Question 5 (4 marks) There is a negative association between the variables population density, in people per square kilometre, and area, in square kilometres, of 38 inner suburbs of the same city. For this association, r2 = 0.141

b.

Write down the value of the correlation coefficient for this association between the variables population density and area. Round your answer to three decimal places.

1 mark

The mean and standard deviation of the variables population density and area for these 38 inner suburbs are shown in the table below. Population density (people per km2)

Area (km2)

Mean

4370

3.4

Standard deviation

1560

1.6

One of these suburbs has a population density of 3082 people per square kilometre.

i. Determine the standard z-score of this suburb’s population density. Round your answer to one decimal place.

1 mark

ii. Interpret the z-score of this suburb’s population density with reference to the mean population density.

1 mark

iii. Assume the areas of these inner suburbs are approximately normally distributed. How many of these 38 suburbs are expected to have an area that is two standard deviations or more above the mean? Round your answer to the nearest whole number.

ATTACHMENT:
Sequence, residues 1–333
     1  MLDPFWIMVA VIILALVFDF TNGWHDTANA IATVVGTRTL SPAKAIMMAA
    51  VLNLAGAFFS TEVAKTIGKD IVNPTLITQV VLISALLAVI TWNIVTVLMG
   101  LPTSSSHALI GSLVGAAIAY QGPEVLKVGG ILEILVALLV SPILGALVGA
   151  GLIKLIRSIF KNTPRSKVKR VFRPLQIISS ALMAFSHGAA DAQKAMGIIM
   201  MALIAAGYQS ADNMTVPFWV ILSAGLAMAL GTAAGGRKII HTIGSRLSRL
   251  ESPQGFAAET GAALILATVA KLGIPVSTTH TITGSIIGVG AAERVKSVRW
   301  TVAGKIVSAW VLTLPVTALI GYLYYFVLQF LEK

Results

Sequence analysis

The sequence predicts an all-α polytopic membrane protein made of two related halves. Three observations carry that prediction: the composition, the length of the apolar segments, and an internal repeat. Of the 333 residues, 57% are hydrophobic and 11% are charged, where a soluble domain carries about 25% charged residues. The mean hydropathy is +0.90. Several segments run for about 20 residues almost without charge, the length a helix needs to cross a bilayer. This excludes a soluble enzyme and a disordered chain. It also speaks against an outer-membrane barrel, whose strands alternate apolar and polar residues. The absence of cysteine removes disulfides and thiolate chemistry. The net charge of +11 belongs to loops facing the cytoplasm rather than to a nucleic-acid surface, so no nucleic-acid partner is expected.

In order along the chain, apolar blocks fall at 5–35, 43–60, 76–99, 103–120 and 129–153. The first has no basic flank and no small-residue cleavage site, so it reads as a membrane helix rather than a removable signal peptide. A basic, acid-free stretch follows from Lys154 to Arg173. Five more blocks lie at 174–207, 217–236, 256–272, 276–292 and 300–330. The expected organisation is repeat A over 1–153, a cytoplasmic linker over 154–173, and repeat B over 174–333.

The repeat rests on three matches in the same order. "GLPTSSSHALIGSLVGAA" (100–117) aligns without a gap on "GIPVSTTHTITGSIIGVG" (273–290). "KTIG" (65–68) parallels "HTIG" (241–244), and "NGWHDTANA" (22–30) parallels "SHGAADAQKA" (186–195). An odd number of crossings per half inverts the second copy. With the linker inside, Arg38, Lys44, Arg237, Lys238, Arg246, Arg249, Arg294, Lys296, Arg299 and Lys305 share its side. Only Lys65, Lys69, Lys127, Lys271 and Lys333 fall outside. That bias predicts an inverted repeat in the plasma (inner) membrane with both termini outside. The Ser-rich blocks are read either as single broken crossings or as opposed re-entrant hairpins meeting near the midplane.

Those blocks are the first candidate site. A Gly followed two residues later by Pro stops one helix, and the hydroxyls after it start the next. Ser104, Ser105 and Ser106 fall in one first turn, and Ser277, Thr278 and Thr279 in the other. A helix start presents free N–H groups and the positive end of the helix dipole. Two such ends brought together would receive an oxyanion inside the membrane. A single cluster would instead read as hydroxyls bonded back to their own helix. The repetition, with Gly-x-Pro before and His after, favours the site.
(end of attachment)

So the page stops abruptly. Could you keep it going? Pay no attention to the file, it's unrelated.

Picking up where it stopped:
1 mark

SECTION A – continued

do not write in this area

a.

Version 4 – September 2016

9

FURMATH EXAM 2 (SAMPLE)

Question 6 (5 marks) Table 1 shows the Australian gross domestic product (GDP) per person, in dollars, at five yearly intervals (year) for the period 1980 to 2005. Table 1 Year

1980

1985

1990

1995

2000

2005

GDP

20 900

22 300

25 000

26 400

30 900

33 800

do not write in this area

36 000 34 000 32 000 30 000 GDP (dollars) 28 000 26 000 24 000 22 000 20 000 1975

a.

1980

1985

1990 1995 year

2000

2005

Complete the time series plot above by plotting the GDP for the years 2000 and 2005.

2010

1 mark

(Answer on the time series plot above.) b.

Briefly describe the general trend in the data.

1 mark

SECTION A – Question 6 – continued TURN OVER

FURMATH EXAM 2 (SAMPLE)

c.

10

Version 4 – September 2016

In Table 2, the variable year has been rescaled using 1980 = 0, 1985 = 5, and so on. The new variable is time.

Year

1980

1985

1990

1995

2000

2005

Time

0

5

10

15

20

25

GDP

20 900

22 300

25 000

26 400

30 900

33 800

i. Use the variables time and GDP to write down the equation of the least squares regression line that can be used to predict GDP from time. Take time as the explanatory variable.

2 marks